Apple's quality dwindling: My MacBook Pro sob story
I received my first MacBook Pro, and it was beautiful. I loved everything about it. However, after 2 weeks of use, I started noticing the screen striping symptom that others before me have noted. This problem usually occurred after charging the computer from a half-filled battery and unplugging the MagSafe power cable. I didn't think anything of this problem, since it only happened once or twice. After another week of use, the striping problem started becoming an everyday part of charging the computer. I called Apple and even emailed them the picture that you see above (minus the additional note) -- they did nothing and said it was a "software glitch."
The first MacBook Pro did have another problem: When I went to check my email one day, every program would crash repeatedly. I immediately ran the Apple hardware test (AHT) to find out what was going on. As any unlucky person (me) would have it, the memory sticks were dead. I called AppleCare, told them all of the problems I was having and then told them about the AHT results. They set up a replacement order since I was having hardware problems within the first month of ownership.
Continue reading to learn more about my MacBook Pro woes.
Here goes again ... a new MacBook Pro would surely fix the situation, right? Nope. This time, Apple completely fails when they send a refurbished unit (even after they told me it would be new). I call Apple back and they can't believe the situation. They offer to send me yet another replacement.
Replacement number three comes via FedEx. What to my amazement do I see? Yeah ... it's another refurbished unit. Complete with finger prints on the screen, glue substance on the trackpad, and broken up pieces Styrofoam in the box. I called Apple back with a little less less amusement this time: they offered to cancel the current order, return the refurbished unit, and let me order the same product. They claimed this method was faster than going through AppleCare. I asked them if they could upgrade the RAM or do something for my wasted time. They offered me $45 off the new order and free overnight shipping. I was a little disappointed, but accepted.
I returned the previous MacBook Pro and went to order the new one. With my order processed, I called Apple back to claim my $45 and free shipping. The representative tells me that the shipping has been added and the price has been adjusted. I get home to see that the MacBook Pro would be arriving in 5 days. "What? How could this be ... they just added the overnight shipping!" I called them back and found out the the rep did not, in fact, add the shipping. They offered to give me a $50 case to go along with my MacBook Pro. At this point, they could have just upgraded the RAM and called it a day.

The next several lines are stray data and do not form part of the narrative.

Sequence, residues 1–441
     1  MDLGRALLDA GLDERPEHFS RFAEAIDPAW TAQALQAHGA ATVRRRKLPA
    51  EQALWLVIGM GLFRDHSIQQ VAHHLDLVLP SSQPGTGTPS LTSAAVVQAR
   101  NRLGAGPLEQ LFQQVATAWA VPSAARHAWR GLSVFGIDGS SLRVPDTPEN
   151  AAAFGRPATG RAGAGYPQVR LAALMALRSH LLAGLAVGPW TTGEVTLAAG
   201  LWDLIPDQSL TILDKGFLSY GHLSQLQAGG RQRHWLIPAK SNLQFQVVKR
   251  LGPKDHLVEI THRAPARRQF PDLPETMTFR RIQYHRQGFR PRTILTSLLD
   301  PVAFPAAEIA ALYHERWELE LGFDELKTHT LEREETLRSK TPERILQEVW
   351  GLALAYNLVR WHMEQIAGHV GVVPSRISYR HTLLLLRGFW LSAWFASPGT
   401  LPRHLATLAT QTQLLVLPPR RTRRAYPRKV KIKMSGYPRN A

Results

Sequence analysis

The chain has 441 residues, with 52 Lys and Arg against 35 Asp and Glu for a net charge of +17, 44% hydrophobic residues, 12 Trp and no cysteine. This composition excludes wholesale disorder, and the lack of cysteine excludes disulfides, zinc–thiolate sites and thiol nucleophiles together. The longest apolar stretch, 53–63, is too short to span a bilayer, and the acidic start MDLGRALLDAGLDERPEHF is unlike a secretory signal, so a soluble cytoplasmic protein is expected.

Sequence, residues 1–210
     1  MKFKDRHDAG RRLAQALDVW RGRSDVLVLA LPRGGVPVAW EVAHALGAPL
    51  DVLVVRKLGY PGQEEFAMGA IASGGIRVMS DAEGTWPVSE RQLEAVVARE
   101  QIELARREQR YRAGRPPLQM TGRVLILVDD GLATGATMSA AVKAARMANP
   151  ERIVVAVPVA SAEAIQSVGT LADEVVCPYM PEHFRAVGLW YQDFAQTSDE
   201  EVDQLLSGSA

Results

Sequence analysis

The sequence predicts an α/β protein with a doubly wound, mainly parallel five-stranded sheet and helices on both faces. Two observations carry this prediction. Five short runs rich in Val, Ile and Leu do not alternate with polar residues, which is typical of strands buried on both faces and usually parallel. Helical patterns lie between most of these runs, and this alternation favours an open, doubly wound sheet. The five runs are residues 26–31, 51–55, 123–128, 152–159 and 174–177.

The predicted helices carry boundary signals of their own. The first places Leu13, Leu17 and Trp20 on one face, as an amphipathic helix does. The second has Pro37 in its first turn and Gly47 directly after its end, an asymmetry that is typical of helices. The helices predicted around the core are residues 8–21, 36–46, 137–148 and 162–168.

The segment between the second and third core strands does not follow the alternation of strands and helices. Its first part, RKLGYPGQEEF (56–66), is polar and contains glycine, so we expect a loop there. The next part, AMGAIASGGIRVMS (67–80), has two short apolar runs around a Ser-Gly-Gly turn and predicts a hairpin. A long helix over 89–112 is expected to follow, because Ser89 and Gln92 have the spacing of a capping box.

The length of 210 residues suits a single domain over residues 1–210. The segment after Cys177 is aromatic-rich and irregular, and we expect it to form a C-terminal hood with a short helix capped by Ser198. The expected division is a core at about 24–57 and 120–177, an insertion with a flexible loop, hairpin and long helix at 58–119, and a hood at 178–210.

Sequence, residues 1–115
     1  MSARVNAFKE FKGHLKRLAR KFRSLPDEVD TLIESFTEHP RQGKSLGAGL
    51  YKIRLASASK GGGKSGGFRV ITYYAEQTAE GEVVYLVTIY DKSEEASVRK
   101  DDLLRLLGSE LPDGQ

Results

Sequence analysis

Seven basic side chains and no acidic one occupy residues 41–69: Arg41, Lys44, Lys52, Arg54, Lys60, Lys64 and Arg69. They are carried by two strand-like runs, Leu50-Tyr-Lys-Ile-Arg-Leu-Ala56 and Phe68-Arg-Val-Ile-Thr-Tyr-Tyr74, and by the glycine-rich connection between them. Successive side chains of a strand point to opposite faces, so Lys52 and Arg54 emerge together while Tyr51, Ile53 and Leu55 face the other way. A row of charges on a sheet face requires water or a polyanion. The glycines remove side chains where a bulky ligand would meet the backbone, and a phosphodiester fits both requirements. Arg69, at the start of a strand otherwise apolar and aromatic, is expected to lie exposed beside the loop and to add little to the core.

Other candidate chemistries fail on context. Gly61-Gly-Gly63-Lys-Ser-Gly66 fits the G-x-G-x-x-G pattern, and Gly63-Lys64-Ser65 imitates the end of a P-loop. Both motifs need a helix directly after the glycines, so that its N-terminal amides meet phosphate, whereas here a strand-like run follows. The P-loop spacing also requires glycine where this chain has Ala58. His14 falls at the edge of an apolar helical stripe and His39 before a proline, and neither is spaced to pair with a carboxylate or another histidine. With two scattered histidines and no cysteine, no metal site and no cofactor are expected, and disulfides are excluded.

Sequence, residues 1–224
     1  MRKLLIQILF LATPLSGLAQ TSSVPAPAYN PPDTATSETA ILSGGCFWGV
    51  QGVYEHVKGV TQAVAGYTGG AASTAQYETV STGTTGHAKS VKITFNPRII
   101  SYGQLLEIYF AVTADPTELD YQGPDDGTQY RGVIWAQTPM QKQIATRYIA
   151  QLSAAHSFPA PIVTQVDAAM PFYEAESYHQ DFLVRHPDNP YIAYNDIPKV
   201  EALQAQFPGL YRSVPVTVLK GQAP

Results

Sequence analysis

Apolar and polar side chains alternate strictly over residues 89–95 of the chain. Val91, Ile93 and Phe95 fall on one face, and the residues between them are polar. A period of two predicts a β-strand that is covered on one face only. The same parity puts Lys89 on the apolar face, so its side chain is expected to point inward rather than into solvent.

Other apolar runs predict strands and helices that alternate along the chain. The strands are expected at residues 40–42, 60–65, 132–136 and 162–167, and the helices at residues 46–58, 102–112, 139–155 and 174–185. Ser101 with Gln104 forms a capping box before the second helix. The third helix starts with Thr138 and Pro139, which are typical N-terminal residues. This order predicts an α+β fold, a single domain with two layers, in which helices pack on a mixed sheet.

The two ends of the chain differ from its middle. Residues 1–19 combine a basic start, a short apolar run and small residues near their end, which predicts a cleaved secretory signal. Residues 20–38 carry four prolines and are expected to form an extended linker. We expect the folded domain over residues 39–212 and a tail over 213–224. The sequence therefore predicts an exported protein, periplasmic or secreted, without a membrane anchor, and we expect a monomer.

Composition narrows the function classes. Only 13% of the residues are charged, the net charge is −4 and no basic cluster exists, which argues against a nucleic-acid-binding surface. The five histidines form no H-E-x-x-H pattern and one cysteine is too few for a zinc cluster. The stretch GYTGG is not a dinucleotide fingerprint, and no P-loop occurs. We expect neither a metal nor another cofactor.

My "new" order arrives. I stared at the box for several minutes, speechless. Apple had sent me a box with a previous person's shipping label still attached. I peeled back the white sheet of paper Apple had covered it up with. There was a note to Apple from the previous recipient: "Opened and noticed that this was not my correct order." I opened it and notice that it had been resealed. Nice. Very nice. I called Apple back ... once again they sent me another replacement.
When was the last time Apple was shipping MacBook Pros with Tiger installed? That's right, I received a MacBook Pro running Tiger. There wasn't even an upgrade DVD included! I once again called Apple only to hear that they would be sending me another replacement. I told them, "This is my last time doing a replacement. Make sure you get the order right this time, or else you've lost a customer."
I received my seventh replacement yesterday, and so far all seems well, but we'll see.
"7th MacBook is the charm," or so the saying goes. I must admit, the FedEx lady and I have become good friends. This situation has definitely changed my view of Apple and how their products might not be necessarily worth the "Apple tax" that we all pay.
Oh, who am I kidding? Tomorrow morning I'll be the same fan boy that I've always been.
Do you have an Apple story like this to tell? Be sure to sound off in the comments.
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